Today is day 33. The last time we worked on Thandi was 23 days ago and I was very apprehensive at what we might find under the gruesome exterior of her facial injuries. The Kariega team for today’s procedure consisted of 25 individuals on-site but with so many thousands willing her to get well and anxious for news of her progress, we feel like only one small component of this rhino’s support network. Thandi’s Team.
As usual, we gathered before the procedure to go through the plan. An addition to the team today was Dr Gerhard Steenkamp who is a veterinary surgeon from Onderstepoort. Dr Steenkamp, and his colleagues will be bringing specialised skills and experience into Thandi’s continuing support plan and his role today was to assess her facial injuries and begin applying whatever surgical support the growing team of surgeons believe she may require.
We worked with her for almost an hour today which was longer than we had planned for. She was amazing once again, surprising us with her resilience and tenacity having been through such a horrific experience and showing her inner strength even at this stage of her recovery. Not once was I concerned about her anaesthetic, her blood pressure and oxygen levels were good throughout and this gave us the platform Dr Steenkamp needed to carry out his surgical activities.
The first stage in her facial treatment today involved removing as much dead tissue as possible. Most of what is not viable consists of bone which has been severely exposed and separated from its blood supply. If we allow any of this dead bone tissue to remain, it could end up as a decomposing fragment of tissue inside a mass of healing flesh and hence a long term source of infection. Extensive time was spent literally breaking off pieces of bone until bleeding indicated viable tissue. The maggots are back and some of the deep recesses of her mutilated skull where inhabited by them and needed to be removed. Many other bone cavities contained compacted mud which had dried into solid plugs which impede healing and so had to be scooped out and flushed.
Tragically, there are still panga marks deep into her skull bones creating fissure lines and crevices which required attention. Once as much dead tissue had been removed as possible, we could get a clear picture of her healing progress. The outside extremities of the area are clean and the recovering skin margin is creeping in slowly from the peripheries one millimetre at a time. There are some good banks of new tissue often referred to as granulation tissue which has encroached into many of the deep trenches left by the pangas between the bone structures and the skin. She still has significant areas of exposed bone towards the middle of the wound but most surprising of all has been the amount of new tissue which has been created inside the exposed sinuses. So there is real measurable progress visable without any major stumbling blocks apparent at this stage.
These are still early days yet as we still have a long way to go but what we witnessed today was very encouraging. At this stage we are not sure how much surgical assistance she may require but many of the building blocks of re-construction are appearing, which for now is as much as we can expect.
Every time we work with her face I am both appalled by the extent of her wounds, and encouraged by the determination that this body possesses to recover. In spite of the destruction of her face to such a degree that 33 days later she still has a mutilated crater which is 37 cm long and 19 cm wide. Regardless of the long hours she spent struggling on her side, in shock and agony, she is determined to survive. Under the constant threat of complications from maggots, infection and rotting bone fragments, Thandi has made her choice, this girl wants to live and she wants to live well. In spite of everything she has gone through, this living, breathing, feeling animal just keeps marching down her road towards recovery.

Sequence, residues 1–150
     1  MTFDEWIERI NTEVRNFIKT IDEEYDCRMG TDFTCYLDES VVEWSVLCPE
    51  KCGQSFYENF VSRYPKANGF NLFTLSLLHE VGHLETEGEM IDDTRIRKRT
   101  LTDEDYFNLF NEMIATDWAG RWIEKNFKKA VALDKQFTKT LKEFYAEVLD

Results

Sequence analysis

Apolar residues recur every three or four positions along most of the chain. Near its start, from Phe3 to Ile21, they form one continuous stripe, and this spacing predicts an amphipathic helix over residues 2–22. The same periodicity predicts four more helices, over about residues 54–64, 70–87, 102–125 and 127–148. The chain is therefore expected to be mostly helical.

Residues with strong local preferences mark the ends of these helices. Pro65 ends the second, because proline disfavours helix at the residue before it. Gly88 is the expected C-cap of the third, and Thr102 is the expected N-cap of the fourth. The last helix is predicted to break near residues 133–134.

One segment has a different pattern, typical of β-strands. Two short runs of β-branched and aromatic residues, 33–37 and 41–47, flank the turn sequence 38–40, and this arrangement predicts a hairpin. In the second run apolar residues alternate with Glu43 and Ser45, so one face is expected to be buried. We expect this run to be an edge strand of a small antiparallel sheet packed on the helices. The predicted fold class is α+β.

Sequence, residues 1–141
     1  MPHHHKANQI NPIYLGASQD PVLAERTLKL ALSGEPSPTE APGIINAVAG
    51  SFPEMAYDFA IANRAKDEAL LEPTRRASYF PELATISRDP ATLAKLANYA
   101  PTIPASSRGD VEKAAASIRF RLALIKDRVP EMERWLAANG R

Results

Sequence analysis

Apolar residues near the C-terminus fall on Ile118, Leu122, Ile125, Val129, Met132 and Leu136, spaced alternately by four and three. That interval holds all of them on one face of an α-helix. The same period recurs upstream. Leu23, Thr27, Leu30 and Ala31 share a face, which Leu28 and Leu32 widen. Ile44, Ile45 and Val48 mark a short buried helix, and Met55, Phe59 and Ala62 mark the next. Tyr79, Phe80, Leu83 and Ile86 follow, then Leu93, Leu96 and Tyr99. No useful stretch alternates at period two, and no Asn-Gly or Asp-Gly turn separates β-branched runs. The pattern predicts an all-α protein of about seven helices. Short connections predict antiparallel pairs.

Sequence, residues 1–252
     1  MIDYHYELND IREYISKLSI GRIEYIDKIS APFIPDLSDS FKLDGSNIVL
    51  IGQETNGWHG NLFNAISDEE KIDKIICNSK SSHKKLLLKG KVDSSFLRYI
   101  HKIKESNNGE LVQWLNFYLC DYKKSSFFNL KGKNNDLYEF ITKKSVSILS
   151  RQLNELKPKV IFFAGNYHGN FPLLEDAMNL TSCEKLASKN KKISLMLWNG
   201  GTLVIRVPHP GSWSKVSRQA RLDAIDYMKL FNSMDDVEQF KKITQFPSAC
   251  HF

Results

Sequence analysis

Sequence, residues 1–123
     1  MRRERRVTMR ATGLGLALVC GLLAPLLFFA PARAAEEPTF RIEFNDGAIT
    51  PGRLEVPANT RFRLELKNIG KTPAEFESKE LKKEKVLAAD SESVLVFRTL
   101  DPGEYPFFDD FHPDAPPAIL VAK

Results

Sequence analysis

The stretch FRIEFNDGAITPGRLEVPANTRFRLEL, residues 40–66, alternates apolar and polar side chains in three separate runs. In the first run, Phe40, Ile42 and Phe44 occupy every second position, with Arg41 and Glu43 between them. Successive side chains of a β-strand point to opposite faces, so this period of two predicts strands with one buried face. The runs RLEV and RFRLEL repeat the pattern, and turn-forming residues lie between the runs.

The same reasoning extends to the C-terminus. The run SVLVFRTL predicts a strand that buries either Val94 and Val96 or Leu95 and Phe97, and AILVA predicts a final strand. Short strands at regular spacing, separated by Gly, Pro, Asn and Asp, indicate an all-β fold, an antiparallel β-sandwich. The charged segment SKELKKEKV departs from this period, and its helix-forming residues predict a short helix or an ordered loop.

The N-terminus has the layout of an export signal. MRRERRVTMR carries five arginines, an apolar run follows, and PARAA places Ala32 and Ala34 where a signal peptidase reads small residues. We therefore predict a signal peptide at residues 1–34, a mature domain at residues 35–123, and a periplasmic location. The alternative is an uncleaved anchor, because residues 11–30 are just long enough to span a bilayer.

What an inspiration, this one rhino called Thandiswa, is proving to be. What a beacon of hope she is providing for us when there are so many horrendous stories and statistics drawing dark clouds over the future of this species. What and example of how we need to FACE-UP to the realities of poaching, stop talking and start doing.
Thandi, you are a true champion of the cause. You are beautiful.
In honour of what this amazing rhino is teaching us, in admiration of her courage to fight against indescribable odds, in amazement of the amount of awareness she generates for her kind and out of respect for the example she is to us, I would like to make a very personal request to every single person who reads this. This request is not from Kariega Game Reserve, this request is from me, Dr Will Fowlds.
Please make a choice today to contribute to the care of SURVIVORS of rhino poaching, like Thandi, across our country.
This request is small and this request is simple. I am asking you to donate the equivalent of the average price of one injection, at least. On an average treatment day, Thandi will get twenty-two medication injections at an average price of R 52-00. My request is for at least one injection of R 50-00.
The value of an “injection” excludes professional and labour fees, travel and vehicle costs, helicopter expenses and other medications and anaesthetic costs which are by far the bigger costs.
I will be explaining in detail in the following update how to go about this and how we intend managing and using this fund. But, today you get to choose to do something active for rhino like Thandi (meaning LOVE), today is your day to show you LOVE rhino, today is your day to be an active part of the “Thandi Team”, today is your day to give an INJECTION which will make a difference: Please support the “Thandi Rhino Treatment Fund” initiative. You can start now by drawing up your injections.